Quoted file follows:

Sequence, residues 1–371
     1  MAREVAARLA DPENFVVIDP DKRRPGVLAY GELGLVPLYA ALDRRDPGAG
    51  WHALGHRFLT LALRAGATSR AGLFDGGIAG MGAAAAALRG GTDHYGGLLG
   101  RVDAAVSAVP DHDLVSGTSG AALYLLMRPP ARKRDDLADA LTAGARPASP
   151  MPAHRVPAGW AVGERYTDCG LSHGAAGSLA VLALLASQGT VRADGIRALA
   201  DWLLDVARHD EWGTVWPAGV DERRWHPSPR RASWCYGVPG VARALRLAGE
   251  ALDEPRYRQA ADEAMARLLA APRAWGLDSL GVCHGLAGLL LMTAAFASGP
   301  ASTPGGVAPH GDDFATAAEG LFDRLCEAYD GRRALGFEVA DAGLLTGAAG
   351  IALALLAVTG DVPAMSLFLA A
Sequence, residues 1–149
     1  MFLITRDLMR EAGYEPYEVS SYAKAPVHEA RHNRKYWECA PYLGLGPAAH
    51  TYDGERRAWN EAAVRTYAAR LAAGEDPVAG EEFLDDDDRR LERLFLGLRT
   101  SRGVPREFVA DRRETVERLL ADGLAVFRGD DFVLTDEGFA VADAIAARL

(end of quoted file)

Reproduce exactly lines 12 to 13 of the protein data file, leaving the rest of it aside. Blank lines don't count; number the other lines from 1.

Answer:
    51  TYDGERRAWN EAAVRTYAAR LAAGEDPVAG EEFLDDDDRR LERLFLGLRT
   101  SRGVPREFVA DRRETVERLL ADGLAVFRGD DFVLTDEGFA VADAIAARL